10 YEARS AGO
There was a different type of whitewash at the European Parliament this week.|
A decade ago there was progress on enlarging the EU, adding a further 10 countries, including the dividedisland of Cyprus, all of whom were fully admitted two years later.The move did bring in former Warsaw Pactnations, bringing them into the western sphere and greater prosperity. This enlargement was a radical changethat largely ended the split between west and east Europe. The change in the EU is still being felt, but thenew members are playing a full part in the EU.
Damn debate or damning debate?
Some time back, the Irish Times, Ireland’s paper of record,ran as its advertising slogan, ‘Questions Answered,Answers Questioned’. It wasn’t an original quotation, of course, but in the context of its use, perfectly captured what a newspaper should do; not only in the obvious way of holding public authorities to account, but also in theseparation of fact and opinion, of news and analysis.Questions do not always provide comfortable answers, orindeed provide any kind of satisfactory answer in them-selves; think of Bishop Berkley’s poser about the sound of a tree falling in a forest, or the famous koan about thesound of one hand clapping. A literal answer may have yougoing around in circles.“Is jailing the leader of a neo-Nazi gang really going to combatintolerance in Europe?” That was just one of the questionsposed at the Tackling Hate Speech conference in Budapest on27 and 28 November. The conference looked at the historicalroots of hate speech, and how it might be stamped out. The sit-uation is not good; examples show that hate speech has grad-ually, but undeniably, infiltrated the real world – transferredfrom cyberspace to the concrete jungle – and, worse still, takenover mainstream political communication. Nowadays, fearfulof losing votes to the extremes, politicians incorporate some of their hardline rhetoric, in the hope of stemming a haemor-rhage. Debate be damned.Enforcing particular opinions on citizens is always per-ilous, and should be approached with caution, naturally.In this case, it is the threat to free speech.Unconformable views about race or religion are notautomatically racist or sectarian, in the same way thatill-informed comments that serve as a call to violentaction are. Context is everything.Everyone has the right to be offended, but being offendedis not the same thing as being persecuted. In Europe, astwo separate reports issued this week (27 November) illus-trate that hate speech, and it’s violent real world partner incrime, hate crime, has not gone away in the EU, despite itssincere aim to eradicate prejudice. There is seemingly agenuine problem in Europe with a renewed upsurge inracist or otherwise intolerant behaviour. It is somethingthat needs to be tackled head-on, not by vague words of condemnation. Complex debate is nothing to be scared of.Political leadership is at the heart of this. George Soroshas complained that this generation of leaders has letEurope backslide into the kind of times that fuelled fascistextremism in the run-up to the second world war. Badtimes, he says, encourages intolerance. There is historicalprecedence for this, of course, and the fear of a return to arecent genocidal path is maybe too mush to worth con-templating; better to clamp down that admit the burgeon-ing reality. A lurid, somewhat fanciful picture, but left togo on, could Europe again face the disastrous dilemma it was confronted with 90 or so years ago.But his is not the only question facing Europe. The eco-nomic crisis, and general mistrust about financial institu-tions, seen to be withholding much needed tax revenuesfrom national and European purses, and which so many believe is fuelling the rise in hate crime, also needs to beaddressed. Which means the EU asking some very awk- ward questions of its own economic and corporate poli-cies. The debate needs to be had; questions need to beasked, and answers need to be questions.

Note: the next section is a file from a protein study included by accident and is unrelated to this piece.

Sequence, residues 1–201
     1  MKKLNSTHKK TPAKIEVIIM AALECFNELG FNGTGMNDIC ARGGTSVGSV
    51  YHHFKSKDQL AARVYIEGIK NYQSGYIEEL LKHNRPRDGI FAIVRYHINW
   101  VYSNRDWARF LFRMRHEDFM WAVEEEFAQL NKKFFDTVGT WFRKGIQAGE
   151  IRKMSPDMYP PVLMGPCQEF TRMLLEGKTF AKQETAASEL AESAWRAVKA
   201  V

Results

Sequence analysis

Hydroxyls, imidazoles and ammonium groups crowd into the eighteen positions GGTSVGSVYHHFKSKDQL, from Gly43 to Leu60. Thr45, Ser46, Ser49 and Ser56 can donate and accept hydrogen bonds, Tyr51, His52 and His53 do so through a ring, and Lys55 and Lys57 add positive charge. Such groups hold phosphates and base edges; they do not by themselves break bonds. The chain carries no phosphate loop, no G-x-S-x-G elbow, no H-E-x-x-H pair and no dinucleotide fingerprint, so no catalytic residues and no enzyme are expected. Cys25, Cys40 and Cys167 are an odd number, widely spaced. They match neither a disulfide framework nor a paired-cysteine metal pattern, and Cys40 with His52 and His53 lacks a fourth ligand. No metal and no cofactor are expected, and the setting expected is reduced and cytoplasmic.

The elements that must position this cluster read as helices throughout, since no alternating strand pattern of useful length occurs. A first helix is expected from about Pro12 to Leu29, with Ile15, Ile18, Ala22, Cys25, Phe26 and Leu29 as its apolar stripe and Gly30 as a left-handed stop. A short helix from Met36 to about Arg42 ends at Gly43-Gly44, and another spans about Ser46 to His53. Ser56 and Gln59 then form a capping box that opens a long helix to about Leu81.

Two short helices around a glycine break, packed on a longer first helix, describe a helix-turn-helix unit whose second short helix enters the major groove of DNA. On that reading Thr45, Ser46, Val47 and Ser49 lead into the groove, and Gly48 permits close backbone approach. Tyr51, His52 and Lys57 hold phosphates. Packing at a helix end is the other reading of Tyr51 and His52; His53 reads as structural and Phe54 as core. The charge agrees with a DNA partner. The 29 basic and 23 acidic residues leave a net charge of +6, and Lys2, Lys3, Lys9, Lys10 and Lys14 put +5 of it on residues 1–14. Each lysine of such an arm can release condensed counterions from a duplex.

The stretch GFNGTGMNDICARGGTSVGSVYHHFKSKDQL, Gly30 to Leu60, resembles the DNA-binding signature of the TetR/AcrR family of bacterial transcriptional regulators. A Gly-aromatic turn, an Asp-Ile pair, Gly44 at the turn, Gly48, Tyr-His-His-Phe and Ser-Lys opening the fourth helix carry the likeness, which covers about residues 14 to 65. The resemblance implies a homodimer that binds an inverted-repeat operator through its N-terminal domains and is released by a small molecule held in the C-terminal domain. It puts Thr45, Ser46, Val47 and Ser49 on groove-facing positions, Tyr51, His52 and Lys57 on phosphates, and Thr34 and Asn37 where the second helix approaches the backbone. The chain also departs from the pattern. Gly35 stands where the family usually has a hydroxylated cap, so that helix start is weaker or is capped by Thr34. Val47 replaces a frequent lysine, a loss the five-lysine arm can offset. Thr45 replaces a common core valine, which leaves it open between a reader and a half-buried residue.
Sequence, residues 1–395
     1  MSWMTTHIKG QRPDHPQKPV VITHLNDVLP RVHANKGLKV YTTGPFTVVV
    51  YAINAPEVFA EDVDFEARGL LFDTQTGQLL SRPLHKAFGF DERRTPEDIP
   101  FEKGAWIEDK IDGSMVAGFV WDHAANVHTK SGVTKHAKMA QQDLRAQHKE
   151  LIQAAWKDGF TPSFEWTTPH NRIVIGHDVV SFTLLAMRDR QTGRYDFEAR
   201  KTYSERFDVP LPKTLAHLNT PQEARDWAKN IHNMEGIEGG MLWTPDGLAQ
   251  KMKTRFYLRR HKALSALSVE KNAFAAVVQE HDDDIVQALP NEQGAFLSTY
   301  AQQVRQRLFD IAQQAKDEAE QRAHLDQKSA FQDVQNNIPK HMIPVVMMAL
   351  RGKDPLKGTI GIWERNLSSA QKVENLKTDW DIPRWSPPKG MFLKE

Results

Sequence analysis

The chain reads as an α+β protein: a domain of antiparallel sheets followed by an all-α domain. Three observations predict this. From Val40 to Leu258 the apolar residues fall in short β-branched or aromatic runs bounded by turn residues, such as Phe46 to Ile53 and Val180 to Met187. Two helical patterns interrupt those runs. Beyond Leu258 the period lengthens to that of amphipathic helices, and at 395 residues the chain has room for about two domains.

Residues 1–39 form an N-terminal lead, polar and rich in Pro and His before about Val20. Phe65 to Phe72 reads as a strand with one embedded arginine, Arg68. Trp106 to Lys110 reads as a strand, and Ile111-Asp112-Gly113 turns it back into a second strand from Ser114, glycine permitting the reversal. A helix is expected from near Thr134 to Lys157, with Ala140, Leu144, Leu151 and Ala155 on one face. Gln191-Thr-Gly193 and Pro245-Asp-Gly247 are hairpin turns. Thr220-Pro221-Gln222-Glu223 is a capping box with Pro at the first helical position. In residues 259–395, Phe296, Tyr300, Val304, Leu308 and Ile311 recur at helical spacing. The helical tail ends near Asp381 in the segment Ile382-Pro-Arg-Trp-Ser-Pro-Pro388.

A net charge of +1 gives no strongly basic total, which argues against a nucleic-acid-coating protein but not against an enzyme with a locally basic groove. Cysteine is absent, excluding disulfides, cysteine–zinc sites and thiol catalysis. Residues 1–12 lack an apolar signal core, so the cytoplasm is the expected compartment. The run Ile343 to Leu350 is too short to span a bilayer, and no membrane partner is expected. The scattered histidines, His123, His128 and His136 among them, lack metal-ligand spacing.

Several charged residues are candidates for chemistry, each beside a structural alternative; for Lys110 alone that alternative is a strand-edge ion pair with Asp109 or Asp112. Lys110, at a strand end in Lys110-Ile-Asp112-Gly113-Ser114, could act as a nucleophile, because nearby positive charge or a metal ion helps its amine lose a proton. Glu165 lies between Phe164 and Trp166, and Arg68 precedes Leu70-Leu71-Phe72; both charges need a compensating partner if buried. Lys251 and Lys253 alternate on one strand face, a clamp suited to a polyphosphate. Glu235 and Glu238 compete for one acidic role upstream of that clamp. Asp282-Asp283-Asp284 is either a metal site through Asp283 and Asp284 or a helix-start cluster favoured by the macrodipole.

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ISSN number: 1106-8299
2 - 8 December , 2012